Calendar An icon of a desk calendar. Cancel An icon of a circle with a diagonal line across. Caret An icon of a block arrow pointing to the right. Email An icon of a paper envelope. Facebook An icon of the Facebook "f" mark. Google An icon of the Google "G" mark. Linked In An icon of the Linked In "in" mark. Logout An icon representing logout. Profile An icon that resembles human head and shoulders. Telephone An icon of a traditional telephone receiver. Tick An icon of a tick mark. Is Public An icon of a human eye and eyelashes. Is Not Public An icon of a human eye and eyelashes with a diagonal line through it. Pause Icon A two-lined pause icon for stopping interactions. Quote Mark A opening quote mark. Quote Mark A closing quote mark. Arrow An icon of an arrow. Folder An icon of a paper folder. Breaking An icon of an exclamation mark on a circular background. Camera An icon of a digital camera. Caret An icon of a caret arrow. Clock An icon of a clock face. Close An icon of the an X shape. Close Icon An icon used to represent where to interact to collapse or dismiss a component Comment An icon of a speech bubble. Comments An icon of a speech bubble, denoting user comments. Ellipsis An icon of 3 horizontal dots. Envelope An icon of a paper envelope. Facebook An icon of a facebook f logo. Camera An icon of a digital camera. Home An icon of a house. Instagram An icon of the Instagram logo. LinkedIn An icon of the LinkedIn logo. Magnifying Glass An icon of a magnifying glass. Search Icon A magnifying glass icon that is used to represent the function of searching. Menu An icon of 3 horizontal lines. Hamburger Menu Icon An icon used to represent a collapsed menu. Next An icon of an arrow pointing to the right. Notice An explanation mark centred inside a circle. Previous An icon of an arrow pointing to the left. Rating An icon of a star. Tag An icon of a tag. Twitter An icon of the Twitter logo. Video Camera An icon of a video camera shape. Speech Bubble Icon A icon displaying a speech bubble WhatsApp An icon of the WhatsApp logo. Information An icon of an information logo. Plus A mathematical 'plus' symbol. Duration An icon indicating Time. Success Tick An icon of a green tick. Success Tick Timeout An icon of a greyed out success tick. Loading Spinner An icon of a loading spinner.

Energy Institute appoints two industry chiefs to top team

Energy Institute
Former UK Energy Minister Charles Hendry

The Energy Institute (EI) has announced two new appointments to its top team.

Former UK minister, Charles Hendry and Octopus Energy CEO, Greg Jackson join the professional body’s governing council.

Mr Hendry served as Westminster’s minister of state for energy from 2010 to 2012 during David Cameron’s tenure as prime minister.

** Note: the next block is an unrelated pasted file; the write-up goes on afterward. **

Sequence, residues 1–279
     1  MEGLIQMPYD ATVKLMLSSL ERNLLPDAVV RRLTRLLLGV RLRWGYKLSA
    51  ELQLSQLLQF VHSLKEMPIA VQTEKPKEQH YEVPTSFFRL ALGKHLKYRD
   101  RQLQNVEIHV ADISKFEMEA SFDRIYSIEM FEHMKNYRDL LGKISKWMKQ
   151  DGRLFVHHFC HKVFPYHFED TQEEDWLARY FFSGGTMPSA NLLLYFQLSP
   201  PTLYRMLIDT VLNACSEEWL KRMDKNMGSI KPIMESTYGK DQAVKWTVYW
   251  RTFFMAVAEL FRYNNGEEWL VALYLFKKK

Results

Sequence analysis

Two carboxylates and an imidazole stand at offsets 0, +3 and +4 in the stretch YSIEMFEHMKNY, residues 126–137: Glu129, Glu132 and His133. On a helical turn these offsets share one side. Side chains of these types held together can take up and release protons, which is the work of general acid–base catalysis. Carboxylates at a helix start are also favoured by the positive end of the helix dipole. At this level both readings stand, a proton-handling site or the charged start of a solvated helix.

Prior to that he was the Conservative Party’s spokesman on energy issues for five years.

Mr Jackson is the founder of green energy tech pioneer company Octopus, which is aiming to bring cheaper, low carbon power to the market.

In 2021, the company also entered the renewable energy generation market.

Speaking at the EI’s AGM, the body’s president, Steve Holliday said: “Charles is a highly respected figure right across the international energy field, and brings with him unrivalled insight into the public policy levers needed as the energy transition gathers pace. Greg is a serial tech entrepreneur, and I’m confident he’ll bring his reputation as the industry’s great disruptor to our deliberations about the future role of the EI.”

The EI currently boasts a diverse council with women making up more than half of its members, about a quarter of which are from ethnic minority backgrounds.

Mr Holliday told members that the chartered professional body is in “good shape” and “evolving fast” to support the needs of professionals to respond to pressing global challenges.

He said: “The critical debate is no longer about whether we need to act to tackle climate change – but how quickly can we do it. The EI is working to meet the needs of professionals in this endeavour today and the needs they’ll have tomorrow.”

Mr Holliday also confirmed that the EI’s longstanding annual conference, IP Week, will become International Energy Week from 2022.

He said: “International Energy Week will build on the renowned legacy and strengths of IP Week – the highest calibre speakers from across oil, gas and the wider world of energy, thought leadership on the defining issues, and dynamic networking opportunities. The change acknowledges the breadth of the agenda in this new energy era and, I believe, International Energy Week will provide a unique platform for critical debates among industry leaders and influencers.

“The EI emerges from this unimaginable year more agile and more digital, with our finances in sound shape, publishing record amounts of good practice, reaching more people with our events than ever before and with membership numbers increasing – in particular among young people, women and internationally.”

Recommended for you

More from Energy Voice

Latest Posts